Dense jungles of skyscrapers, endless traffic jams, a crowd of faceless individuals rushing about, and a dull grey smog: in public discourse, these are the images most frequently associated with cities, painting them as places where commerce and convenience are prioritised over community or the environment.
Singapore, however, is a city that has bucked this trend since its earliest days. Policies that attest to this include a decision by the country’s first Prime Minister Lee Kuan Yew to choose natural gas as an energy source even though it was more expensive than coal, and a goal for Singapore to be a “city in a garden” with abundant greenery.
In recent years, the city-state has turned its attention to engaging the public to achieve its sustainability goals. For instance, it’s Sustainable Singapore Blueprint, a S$1.5 billion national masterplan released in 2015, outlines a vision where people walk, cycle or take public transport instead of driving; recycle household waste to achieve a ‘zero waste nation’ and community stewardship of the environment is the norm.
Singapore’s proactive approach to sustainability has encouraged a proliferation of businesses who want to help Singaporeans adopt environmentally-friendly lifestyle habits and reconnect with nature.
One such example is Edible Garden City, a homegrown urban gardening firm that is leading the grow-your-own-food movement in Singapore, a country that imports more than 90 per cent of its food.
Founded five years ago, Edible Garden City is the brainchild of 36-year old Bjorn Low, who set out to solve two problems at once: food security and sustainability.
“We wanted to change an agricultural system that was very centralised in nature into a decentralised model using urban farming,” shares Low. With this mission, the company began setting up food farms on under-used spaces such as carpark rooftops, tracts of land under viaducts, and vacant lots.
The company has set up urban gardens all over Singapore; for its own production as well as for clients like restaurants, schools, and malls. It has coined the term “foodscaping” to describe its work, and grows more than 50 varieties of herbs, vegetables, fruit and edible flowers across the island.
It sells this produce to restaurants as well as a local spa for manufacturing skin care and beauty products; and also conducts education workshops for students.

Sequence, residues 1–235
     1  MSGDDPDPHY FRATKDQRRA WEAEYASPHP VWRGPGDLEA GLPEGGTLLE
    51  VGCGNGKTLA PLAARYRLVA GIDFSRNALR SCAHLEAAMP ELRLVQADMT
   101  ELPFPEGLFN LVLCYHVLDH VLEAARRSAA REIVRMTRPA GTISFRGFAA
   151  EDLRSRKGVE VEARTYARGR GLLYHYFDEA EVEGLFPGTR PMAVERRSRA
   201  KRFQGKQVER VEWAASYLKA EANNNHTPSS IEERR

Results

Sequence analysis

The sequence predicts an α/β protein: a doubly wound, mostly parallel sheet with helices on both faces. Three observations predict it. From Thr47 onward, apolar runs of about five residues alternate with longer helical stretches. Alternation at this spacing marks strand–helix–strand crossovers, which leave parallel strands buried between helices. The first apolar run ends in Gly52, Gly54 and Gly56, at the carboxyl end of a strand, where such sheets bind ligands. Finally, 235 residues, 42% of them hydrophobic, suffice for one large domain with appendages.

Low notes that in addition to increasing the amount of homegrown produce, an almost immediate impact of urban farming is changing consumer habits. When farmers or workshop participants understand how long it takes to grow a single vegetable, it gets them thinking about reducing food waste and consuming responsibly, he explains.
“By encouraging responsible food consumption in Singapore, we can have an impact on the region, since much of our food is grown in countries like Indonesia and Malaysia,” Low says.
He adds that the initiative has also had intangible benefits like community engagement and public education, as well as a positive social impact; the company provides training and employment for marginalised individuals such as people with disabilities and ex-offenders.
By encouraging responsible food consumption in Singapore, we can have an impact on the region, since much of our food is grown in countries like Indonesia and Malaysia.
Bjorn Low, founder, Edible Garden City
The company is even exploring the therapeutic potential of gardening to help patients with pre-dementia symptoms, shares Low.
Edible Garden City will soon launch an initiative called Citizen Farm, an 8,000 square metre facility located in central Singapore.
The farm, which makes use of sustainable methods such as using black soldier flies and earthworms to convert food waste to hydroponic nutrients, will also produce 500 kilograms of produce like kale, lettuce, tomatoes, and various herbs a week. Citizen Farm plans to sell this produce to restaurants and eventually, consumers via an online platform.